The World Bank expects a boom in Nigeria’s minigrid sector as the multilateral development bank and Nigerian government introduce an auction as part of a five-year, $550 million minigrid tender.
The tender is part of a minigrid and solar home electrification program that has been running since June.
Speaking at an industry conference held in London in October, the World Bank’s Jon Exel told attendees he believes the program will prove to be a game-changer in Nigeria, where the government has gotten behind renewable and low-carbon energy projects to help achieve universal electrification.
And for good reason: Nigeria ranked second worldwide when it came to the national electrification deficit in a 2018 World Bank study, with 80 million households lacking electricity access. Only India had more.
Joining with the World Bank to implement the program, Nigeria’s Rural Electrification Agency (REA) initially chose 2,000 minigrid project development sites. REA and the World bank then reduced that to 250 based on number of residents, economic activity and nearby infrastructure, according to the project partners.
Funding will only be awarded to minigrid developers who can carry out multiple projects. They are eligible to receive $350 for each user connected to the minigrid networks they deploy. The World Bank and Nigerian government anticipate this figure will decline over time as installations ramp up and cost savings are realized.
REA received 64 expressions of interest in response to its competitive tender project development solicitation, then invited 16 investors to submit expressions of interest in developing minigrids at the 250 sites. Winning bidders are to be announced later this year based on lowest cost per connection. Each winning developer will have access to a database that includes information about each of the 250 sites so as to help them develop site-specific business models, REA and World Bank explained.
Minigrids already underway
Metka West Africa, a subsidiary of Greece’s Mytilineos clean energy engineering, procurement and construction contractor, did not participate in the tender, but is was the first international company to be awarded a contract to deploy hybrid solar-storage and diesel back-up mingrids at four Nigerian universities under Nigeria’s Energizing Education program. According to Mytilenos’s Antigone Fakou these are:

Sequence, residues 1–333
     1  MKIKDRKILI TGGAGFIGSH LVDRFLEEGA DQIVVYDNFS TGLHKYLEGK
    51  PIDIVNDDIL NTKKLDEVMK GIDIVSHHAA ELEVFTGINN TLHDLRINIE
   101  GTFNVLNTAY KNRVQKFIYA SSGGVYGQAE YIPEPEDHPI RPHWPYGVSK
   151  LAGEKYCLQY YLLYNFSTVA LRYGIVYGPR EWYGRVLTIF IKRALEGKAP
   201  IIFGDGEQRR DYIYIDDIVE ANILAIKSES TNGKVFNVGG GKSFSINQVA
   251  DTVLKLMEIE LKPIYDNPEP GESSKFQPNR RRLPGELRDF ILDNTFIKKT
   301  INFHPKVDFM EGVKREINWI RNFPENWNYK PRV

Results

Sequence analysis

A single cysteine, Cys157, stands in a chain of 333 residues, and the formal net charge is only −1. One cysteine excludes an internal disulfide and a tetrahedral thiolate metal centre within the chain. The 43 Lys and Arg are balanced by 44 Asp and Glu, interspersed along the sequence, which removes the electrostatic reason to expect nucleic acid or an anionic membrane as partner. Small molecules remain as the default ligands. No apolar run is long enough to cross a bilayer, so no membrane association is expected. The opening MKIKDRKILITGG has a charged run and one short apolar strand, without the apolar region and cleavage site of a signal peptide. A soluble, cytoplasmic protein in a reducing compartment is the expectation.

- A 3.5 MWp PV Park with 3 MW of solar power and 1-MW of battery energy storage capacity at Bayero University in Kano State
- A 0.6 MWp PV Park with 0.5 MW of solar and 1.5 MWh of battery storage at the Federal University of Petroleum Resources in Delta State
- A 2.5 MWp PV Park with 2 MW of solar and 3.4 MWh of battery storage at Nnamdi Azikiwe’s Awka Campus in Anambra State, and
- A 2.4 MWp PV Park with 2 MW of distributed solar and 3.4 MWh of battery energy storage capacity at Usmanu Danfodiyo in Sokoto state
Canadian Solar is supplying the PV panels for the four projects. Battery systems are being supplied by Sunlight and JMG is supplying the diesel generators, Fakou said.
Overcoming logistics challenges
Building the minigrids, two in Nigeria’s north and two in the south, pose significant logistics, as well as other challenges. Long distances from main ports, conditions of access roads, other inland transportation issues figure prominently among them, Fakou said.
“Every project is unique and has its own surprises during the execution phase. This one was no different,”vFakou said. “The important thing is to have an experienced and committed project execution team that is able to handle all these issues, so the final outcome is positive.”
REA also announced the results of another zero/low-carbon minigrid development program, the Minigrid Acceleration Scheme (MAS ). A nationwide initiative that’s conducted via open, competitive tender and accepts proposals from any site,. REA will support winning bidders will in-kind capital grants in the form of electricity distribution and metering equipment.
REA awarded MAS grants to Nayo Tropical Technology, Havenhill Synergy Ltd, GVE Projects Ltd and ACOB Lighting Technology Ltd. The competitive tender called for proposals to develop off-grid minigrids with as much as 1 MW of power capacity. The REA did not disclose how many minigrids the winning bidders will develop.
Once completed, the MAS minigrids will be operated on a commercial, public-private partnership basis. By year’s end, some of Nigeria’s remote remote communities will have access to reliable, affordable, green electricity that would have otherwise been unaffordable, according to REA.
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